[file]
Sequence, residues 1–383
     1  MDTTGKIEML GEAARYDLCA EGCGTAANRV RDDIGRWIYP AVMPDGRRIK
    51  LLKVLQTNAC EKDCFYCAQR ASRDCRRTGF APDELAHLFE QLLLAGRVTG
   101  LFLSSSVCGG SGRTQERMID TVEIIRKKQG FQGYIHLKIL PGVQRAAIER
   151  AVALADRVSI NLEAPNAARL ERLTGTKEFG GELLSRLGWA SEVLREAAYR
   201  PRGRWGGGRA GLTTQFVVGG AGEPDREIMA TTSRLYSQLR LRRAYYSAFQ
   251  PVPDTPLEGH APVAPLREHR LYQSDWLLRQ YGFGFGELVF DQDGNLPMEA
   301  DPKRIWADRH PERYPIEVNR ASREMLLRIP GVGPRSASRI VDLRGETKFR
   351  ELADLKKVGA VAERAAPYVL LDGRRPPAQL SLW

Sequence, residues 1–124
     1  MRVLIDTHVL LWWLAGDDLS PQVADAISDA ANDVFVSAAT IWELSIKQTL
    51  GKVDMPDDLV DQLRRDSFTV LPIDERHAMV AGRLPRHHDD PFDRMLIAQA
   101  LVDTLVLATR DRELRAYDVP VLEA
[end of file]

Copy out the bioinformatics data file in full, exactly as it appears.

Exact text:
Sequence, residues 1–383
     1  MDTTGKIEML GEAARYDLCA EGCGTAANRV RDDIGRWIYP AVMPDGRRIK
    51  LLKVLQTNAC EKDCFYCAQR ASRDCRRTGF APDELAHLFE QLLLAGRVTG
   101  LFLSSSVCGG SGRTQERMID TVEIIRKKQG FQGYIHLKIL PGVQRAAIER
   151  AVALADRVSI NLEAPNAARL ERLTGTKEFG GELLSRLGWA SEVLREAAYR
   201  PRGRWGGGRA GLTTQFVVGG AGEPDREIMA TTSRLYSQLR LRRAYYSAFQ
   251  PVPDTPLEGH APVAPLREHR LYQSDWLLRQ YGFGFGELVF DQDGNLPMEA
   301  DPKRIWADRH PERYPIEVNR ASREMLLRIP GVGPRSASRI VDLRGETKFR
   351  ELADLKKVGA VAERAAPYVL LDGRRPPAQL SLW

Sequence, residues 1–124
     1  MRVLIDTHVL LWWLAGDDLS PQVADAISDA ANDVFVSAAT IWELSIKQTL
    51  GKVDMPDDLV DQLRRDSFTV LPIDERHAMV AGRLPRHHDD PFDRMLIAQA
   101  LVDTLVLATR DRELRAYDVP VLEA